A Polish composer and conductor born November 23, 1933 in Debica.
A violinist and pianist by training, Krzysztof Penderecki studied composition at the Krakow Music Academy (1954-1958) notably with Artur Malawski and Stanislaw Wiechowicz. He rapidly acquired international fame with his first works in the serial vein (Strophen, 1959 ; Anaklasis, 1960).
With his work on chromaticism, clusters and glissandos, he developed a radically original style, highly coloured, for rubbed stringed instruments, as in Threnody for the Victims of Hiroshima (1960), String Quartet no 1 (1960), Kanon (1962). Krzysztof Penderecki also composed many works of religious inspiration, marking a return to a certain tonality (Stabat Mater, 1962; Passion according to Saint Luke, 1966; Magnificat, 1973). Abandoning clusters in favour of intervals of tritones and minor seconds, he developed his style in the direction of post-romantic simplicity (Paradise Lost, 1978; Violin Concerto, 1977; Symphony no 2, 1980) and continued his research into tone-colour, the infinite spectrum of sound colours (De natura sonoris no 3, 2012; La Follia, 2013). Penderecki’s celebrity also grew through his operas (The Devils of Loudun, 1969; Ubu Rex, 1991) and the seventh art, where his music was used by directors such as Stanley Kubrick and Martin Scorsese.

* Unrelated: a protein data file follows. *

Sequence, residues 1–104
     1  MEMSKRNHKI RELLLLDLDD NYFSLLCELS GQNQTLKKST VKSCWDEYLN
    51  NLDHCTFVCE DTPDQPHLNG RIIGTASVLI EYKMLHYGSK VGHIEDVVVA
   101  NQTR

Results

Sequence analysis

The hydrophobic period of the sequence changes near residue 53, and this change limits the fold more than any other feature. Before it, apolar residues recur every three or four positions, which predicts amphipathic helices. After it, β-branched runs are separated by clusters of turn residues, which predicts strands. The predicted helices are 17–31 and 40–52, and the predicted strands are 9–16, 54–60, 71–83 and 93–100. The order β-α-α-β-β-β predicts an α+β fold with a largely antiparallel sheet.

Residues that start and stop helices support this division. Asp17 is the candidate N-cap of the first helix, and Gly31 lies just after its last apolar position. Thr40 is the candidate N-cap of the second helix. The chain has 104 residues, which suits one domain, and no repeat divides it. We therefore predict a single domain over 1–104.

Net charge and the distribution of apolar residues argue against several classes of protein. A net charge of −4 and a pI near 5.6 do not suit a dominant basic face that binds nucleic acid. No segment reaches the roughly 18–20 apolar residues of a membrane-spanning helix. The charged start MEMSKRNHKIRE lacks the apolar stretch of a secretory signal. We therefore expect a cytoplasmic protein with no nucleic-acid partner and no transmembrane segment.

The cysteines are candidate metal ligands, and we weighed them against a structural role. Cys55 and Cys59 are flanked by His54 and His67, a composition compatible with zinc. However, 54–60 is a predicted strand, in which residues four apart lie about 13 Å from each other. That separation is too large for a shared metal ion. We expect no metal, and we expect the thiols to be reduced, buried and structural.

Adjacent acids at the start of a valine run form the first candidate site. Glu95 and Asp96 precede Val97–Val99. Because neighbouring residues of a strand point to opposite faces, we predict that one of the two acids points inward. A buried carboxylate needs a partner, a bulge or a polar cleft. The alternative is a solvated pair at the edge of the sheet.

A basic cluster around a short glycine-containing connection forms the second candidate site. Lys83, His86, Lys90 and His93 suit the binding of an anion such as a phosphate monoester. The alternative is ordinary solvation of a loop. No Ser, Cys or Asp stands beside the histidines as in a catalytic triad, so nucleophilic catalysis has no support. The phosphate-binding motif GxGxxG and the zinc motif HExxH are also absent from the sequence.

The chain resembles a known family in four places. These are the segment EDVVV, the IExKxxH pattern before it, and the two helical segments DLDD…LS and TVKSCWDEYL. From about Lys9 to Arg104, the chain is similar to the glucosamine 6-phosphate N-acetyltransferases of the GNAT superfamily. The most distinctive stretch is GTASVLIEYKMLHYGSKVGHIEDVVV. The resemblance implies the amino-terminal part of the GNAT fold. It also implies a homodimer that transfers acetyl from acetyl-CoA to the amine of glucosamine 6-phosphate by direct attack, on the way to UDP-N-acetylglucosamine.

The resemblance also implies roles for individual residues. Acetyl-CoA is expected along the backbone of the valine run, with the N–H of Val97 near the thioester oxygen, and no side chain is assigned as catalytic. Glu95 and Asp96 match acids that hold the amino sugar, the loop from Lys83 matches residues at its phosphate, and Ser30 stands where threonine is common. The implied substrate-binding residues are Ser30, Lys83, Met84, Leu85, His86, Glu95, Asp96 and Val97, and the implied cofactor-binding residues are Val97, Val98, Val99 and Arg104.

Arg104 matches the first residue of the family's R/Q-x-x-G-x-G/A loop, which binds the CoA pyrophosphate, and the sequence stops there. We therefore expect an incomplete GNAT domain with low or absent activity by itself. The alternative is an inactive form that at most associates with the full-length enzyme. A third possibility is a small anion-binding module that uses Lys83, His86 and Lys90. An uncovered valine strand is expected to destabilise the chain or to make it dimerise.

After having taught, notably at Yale, while maintaining his conducting career, Penderecki was rewarded with doctorates and honorary professorships from many universities and conservatories around the world.